Bere Regis Village, Dorset
 
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King John's Reign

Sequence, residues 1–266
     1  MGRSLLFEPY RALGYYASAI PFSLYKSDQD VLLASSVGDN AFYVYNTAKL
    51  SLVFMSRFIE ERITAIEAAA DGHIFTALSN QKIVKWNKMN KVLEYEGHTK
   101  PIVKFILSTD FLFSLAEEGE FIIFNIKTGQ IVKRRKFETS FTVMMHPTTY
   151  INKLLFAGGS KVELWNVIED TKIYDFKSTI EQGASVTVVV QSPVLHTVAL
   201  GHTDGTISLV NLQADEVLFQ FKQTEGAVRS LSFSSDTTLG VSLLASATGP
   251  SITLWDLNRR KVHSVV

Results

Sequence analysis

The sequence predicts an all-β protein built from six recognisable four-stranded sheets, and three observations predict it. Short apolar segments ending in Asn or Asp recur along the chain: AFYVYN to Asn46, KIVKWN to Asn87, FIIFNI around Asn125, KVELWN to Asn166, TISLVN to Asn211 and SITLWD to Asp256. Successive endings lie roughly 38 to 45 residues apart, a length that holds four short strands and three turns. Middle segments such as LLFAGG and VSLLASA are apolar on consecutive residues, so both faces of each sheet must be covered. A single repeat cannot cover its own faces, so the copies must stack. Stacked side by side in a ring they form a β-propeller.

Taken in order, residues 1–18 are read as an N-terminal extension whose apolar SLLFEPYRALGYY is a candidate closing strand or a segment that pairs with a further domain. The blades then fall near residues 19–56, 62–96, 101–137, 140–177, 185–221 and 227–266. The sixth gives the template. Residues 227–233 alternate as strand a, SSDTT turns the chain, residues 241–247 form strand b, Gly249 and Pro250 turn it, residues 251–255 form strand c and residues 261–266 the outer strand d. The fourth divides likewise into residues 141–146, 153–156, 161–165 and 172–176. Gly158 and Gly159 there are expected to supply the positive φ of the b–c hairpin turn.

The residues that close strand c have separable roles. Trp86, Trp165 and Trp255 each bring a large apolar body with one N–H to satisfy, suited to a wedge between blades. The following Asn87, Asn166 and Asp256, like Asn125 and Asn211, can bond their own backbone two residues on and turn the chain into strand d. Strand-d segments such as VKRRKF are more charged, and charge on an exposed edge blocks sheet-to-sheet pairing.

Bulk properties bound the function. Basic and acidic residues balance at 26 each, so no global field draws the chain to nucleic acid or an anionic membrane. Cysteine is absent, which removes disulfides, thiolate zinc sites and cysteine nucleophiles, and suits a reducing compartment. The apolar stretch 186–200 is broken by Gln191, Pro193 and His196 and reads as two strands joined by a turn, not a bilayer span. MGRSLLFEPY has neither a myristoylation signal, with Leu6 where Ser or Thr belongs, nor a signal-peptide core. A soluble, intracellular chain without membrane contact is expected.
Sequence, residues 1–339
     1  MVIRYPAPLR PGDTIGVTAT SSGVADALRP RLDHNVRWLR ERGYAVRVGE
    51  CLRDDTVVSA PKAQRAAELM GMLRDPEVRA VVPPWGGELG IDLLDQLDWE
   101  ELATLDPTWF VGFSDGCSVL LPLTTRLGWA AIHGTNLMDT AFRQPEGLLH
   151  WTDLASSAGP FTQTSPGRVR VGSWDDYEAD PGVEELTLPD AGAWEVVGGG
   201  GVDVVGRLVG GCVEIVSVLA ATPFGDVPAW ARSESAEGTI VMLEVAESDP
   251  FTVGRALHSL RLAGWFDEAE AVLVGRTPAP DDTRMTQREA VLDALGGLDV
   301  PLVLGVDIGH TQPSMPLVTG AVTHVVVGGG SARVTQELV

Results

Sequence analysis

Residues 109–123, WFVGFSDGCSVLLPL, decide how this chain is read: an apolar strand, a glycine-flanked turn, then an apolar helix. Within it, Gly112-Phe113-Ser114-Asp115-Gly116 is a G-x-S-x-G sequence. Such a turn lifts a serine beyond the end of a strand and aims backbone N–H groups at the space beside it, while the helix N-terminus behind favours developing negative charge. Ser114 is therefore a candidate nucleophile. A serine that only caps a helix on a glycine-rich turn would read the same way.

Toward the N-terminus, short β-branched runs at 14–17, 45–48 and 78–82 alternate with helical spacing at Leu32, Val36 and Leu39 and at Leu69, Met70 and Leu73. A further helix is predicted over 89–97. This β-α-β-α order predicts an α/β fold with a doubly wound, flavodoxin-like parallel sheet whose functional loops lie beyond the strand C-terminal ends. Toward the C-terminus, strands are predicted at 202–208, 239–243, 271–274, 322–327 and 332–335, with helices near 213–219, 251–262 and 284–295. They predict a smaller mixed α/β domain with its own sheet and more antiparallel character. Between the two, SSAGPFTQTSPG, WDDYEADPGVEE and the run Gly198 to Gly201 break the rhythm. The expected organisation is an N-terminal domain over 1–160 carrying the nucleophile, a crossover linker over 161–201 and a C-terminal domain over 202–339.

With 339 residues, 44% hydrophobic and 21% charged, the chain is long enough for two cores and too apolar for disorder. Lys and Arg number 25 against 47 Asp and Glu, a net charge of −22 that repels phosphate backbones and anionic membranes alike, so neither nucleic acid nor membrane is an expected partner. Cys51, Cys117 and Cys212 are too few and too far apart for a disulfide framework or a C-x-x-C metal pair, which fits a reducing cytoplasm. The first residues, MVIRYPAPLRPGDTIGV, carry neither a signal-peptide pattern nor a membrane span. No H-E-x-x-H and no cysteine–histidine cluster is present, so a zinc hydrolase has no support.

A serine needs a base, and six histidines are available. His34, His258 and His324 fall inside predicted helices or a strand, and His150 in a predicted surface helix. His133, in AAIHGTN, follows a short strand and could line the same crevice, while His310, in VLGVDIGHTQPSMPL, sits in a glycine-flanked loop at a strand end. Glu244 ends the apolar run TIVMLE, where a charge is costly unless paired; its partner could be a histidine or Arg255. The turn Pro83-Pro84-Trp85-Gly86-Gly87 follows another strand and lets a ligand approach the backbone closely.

1190 to 1216